In the past decade, CRISPR-CAS system has been a topic of interest among molecular biologist all around the world. And because of this, the development of this system as a tool for scientists is also commendable. Here is another proof of the same but before we talk about SHERLOCK, let us brief you about what CRISPR is and how does it function, so as to appreciate the current scenario better.
In nature, Clustered Regularly Interspaced Short Palindromic Repeats and CRISPR-associated genes (CRISPR-Cas) adaptive immune systems is present in many Bacteria and almost all Archea. The function of this system is to protect the host from invading viruses. This system functions in 3 steps i.e. Adaptation then Transcription then Interference. Segments of foreign nucleic acids (spacers) were added in the CRISPR array in between pairs of direct repeats and upon transcription these forms the CRISPR RNAs (crRNA). These crRNAs guide the CAS proteins to target and cleave related sequences in the respective invader genomes. Generally, all CRISPR-CAS system involves these same steps although implementation of these steps and proteins involved in the system vary according to the species of the host organism.
Recently, a scientist from MIT and Harvard developed a system called Specific High Sensitivity Enzymatic Reporter UnLOCKing (SHERLOCK). This system leverages the programmable Endonucleases in CRISPR-based diagnostics of nucleic acids. This in vitro system has attomolar (10-18) sensitivity for detection. The heart of this system lies in the specific CAS protein involved, CAS13a. This protein is different than others in two aspects. First being the single effector (that is the organ or cell that acts in response to a stimulus) RNA-guided RNases nature of the protein and second is the fact that it cleaves not only the targeted RNA but also causes “collateral” degradation of the nearby Non-Targeted RNAs. This second property can be used as a tool for in vitro RNA detection by non-specific degradation of labeled reporter RNA allowing real-time detection or in vivo RNA detection by triggering programmed cell death.
Cas13a enzyme for SHERLOCK was selected after testing different orthologs for RNA-guided RNase activity. The currently used Cas13a is from Leptotrichia Wadei (LwCas13a). The detection sensitivity of approximately 50 fM was achieved with this enzyme which was not enough for many detection methodologies. Attomolar sensitivity was achieved by using a combination of Cas13a based detection with enzymes involved in isothermal amplification steps. Of the different combinations tried and tested, combination of Recombinase Polymerase Amplification (RPA), T7 RNA polymerase (for transcription of amplified DNA to RNA) and target detection by Cas13a Collateral cleavage action was found to achieve attomolar sensitivity. This sensitivity was tested for both DNA and RNA and was also verified by ddPCr and qPCR methods. Attomolar sensitivity was also maintained when all the components were combined in a single reaction. This proved that this platform can also be a useful tool in point of care diagnostics.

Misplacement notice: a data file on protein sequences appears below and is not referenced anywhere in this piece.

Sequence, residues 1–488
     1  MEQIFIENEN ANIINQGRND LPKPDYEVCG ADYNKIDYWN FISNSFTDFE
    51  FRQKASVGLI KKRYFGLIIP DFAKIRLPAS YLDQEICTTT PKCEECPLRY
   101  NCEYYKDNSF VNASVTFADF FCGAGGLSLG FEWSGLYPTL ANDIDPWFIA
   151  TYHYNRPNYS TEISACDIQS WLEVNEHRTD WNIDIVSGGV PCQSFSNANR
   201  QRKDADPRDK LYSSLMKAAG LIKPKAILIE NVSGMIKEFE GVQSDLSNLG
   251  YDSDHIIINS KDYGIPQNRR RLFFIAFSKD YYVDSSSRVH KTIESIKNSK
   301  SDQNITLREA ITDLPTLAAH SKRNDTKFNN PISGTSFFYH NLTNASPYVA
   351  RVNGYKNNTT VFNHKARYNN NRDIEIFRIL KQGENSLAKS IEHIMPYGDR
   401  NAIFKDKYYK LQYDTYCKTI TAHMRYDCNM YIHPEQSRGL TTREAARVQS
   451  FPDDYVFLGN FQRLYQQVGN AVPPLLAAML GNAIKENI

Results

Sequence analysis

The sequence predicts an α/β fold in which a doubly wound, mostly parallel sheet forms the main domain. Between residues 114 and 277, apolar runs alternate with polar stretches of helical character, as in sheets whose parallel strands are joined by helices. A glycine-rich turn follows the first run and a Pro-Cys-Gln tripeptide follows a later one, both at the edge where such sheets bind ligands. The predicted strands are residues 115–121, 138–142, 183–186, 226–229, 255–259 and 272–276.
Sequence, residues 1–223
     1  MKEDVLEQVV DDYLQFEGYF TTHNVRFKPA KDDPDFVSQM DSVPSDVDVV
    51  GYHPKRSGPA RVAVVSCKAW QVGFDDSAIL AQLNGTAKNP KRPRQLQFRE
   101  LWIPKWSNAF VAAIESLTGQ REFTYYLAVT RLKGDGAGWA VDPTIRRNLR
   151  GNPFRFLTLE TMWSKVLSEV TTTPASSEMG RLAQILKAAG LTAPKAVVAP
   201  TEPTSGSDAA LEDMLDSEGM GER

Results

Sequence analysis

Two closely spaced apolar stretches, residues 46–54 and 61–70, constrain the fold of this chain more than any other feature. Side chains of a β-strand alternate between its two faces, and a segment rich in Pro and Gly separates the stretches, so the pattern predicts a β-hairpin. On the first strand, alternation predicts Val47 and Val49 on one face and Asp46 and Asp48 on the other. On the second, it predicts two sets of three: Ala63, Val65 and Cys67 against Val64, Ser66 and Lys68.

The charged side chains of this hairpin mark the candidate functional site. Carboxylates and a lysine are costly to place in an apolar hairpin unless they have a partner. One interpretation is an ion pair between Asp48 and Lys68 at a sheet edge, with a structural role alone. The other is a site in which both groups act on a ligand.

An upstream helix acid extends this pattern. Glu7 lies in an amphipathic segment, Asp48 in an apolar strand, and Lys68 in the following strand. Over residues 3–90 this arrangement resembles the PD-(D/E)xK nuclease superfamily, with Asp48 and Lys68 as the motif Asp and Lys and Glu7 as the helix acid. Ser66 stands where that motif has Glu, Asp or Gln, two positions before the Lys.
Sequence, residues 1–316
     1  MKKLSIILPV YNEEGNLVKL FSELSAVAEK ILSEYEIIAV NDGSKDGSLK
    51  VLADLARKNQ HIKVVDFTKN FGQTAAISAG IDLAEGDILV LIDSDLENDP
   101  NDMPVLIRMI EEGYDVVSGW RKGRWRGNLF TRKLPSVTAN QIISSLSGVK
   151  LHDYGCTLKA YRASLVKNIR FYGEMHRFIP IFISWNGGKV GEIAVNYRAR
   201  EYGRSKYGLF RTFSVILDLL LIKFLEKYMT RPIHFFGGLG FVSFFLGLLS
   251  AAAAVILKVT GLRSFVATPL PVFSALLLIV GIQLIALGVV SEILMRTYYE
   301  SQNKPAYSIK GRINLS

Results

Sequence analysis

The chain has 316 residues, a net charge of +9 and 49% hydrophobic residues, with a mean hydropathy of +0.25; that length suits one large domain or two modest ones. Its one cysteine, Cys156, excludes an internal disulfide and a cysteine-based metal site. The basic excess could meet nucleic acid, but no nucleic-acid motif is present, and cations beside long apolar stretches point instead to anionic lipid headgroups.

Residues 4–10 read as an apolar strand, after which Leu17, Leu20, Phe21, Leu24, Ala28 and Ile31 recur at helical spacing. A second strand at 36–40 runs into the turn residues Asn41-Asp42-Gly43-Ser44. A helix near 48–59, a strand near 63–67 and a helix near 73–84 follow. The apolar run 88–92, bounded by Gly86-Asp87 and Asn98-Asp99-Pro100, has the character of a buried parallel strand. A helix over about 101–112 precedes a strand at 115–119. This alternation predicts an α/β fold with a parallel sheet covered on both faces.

The advantage of SHERLOCK over ddPCr and qPCR:
1) SHERLOCK shows less variation than ddPCR and qPCR and RPA. This was measured by Coefficient of Variation (the spread of variability on both the sides of a mean value) across replicates.
2) All the components of SHERLOCK can be lyophilized and subsequently rehydrated without losing the attomolar sensitivity.
3) SHERLOCk can work with different sample types such as Urine, Serum, Saliva etc. where titers are very low.
4) No Nucleic acid purification is required for using SHERLOCK (verified through reaction having only 2% serum)
5) SHERLOCK can also be used for Bacterial strain Genotyping and shows low cross-reactivity when different strains are multiplexed in a single reaction.
Other Validation tests performed Using SHERLOCK:
1) Effectiveness in Infectious Disease applications that require high sensitivity: Effective
2) Effectiveness of components on lyophilization: Effective
3) Effectiveness to detect target in different sample types: Successful
4) Bacterial pathogen detection and Bacterial genotyping: Successful
5) Low-frequency Cancer Mutation Detection in cell-free (cf) DNA: Successful
The sensitivity of SHERLOCK was increased even more by introducing single base miss matches in crRNA: target duplex enabling Cas13a to discriminate between targets differing by a single base. SHERLOCK was also proven to be an excellent choice of diagnostic tool in Human genotyping by Single Nucleotide Polymorphism (SNP) detection.
Applications of SHERLOCK in Diagnostics and forensics and Molecular genetics are endless. Development of SHERLOCK has also opened up a new school of thought that involves modification of CRISPR and its use in different ways.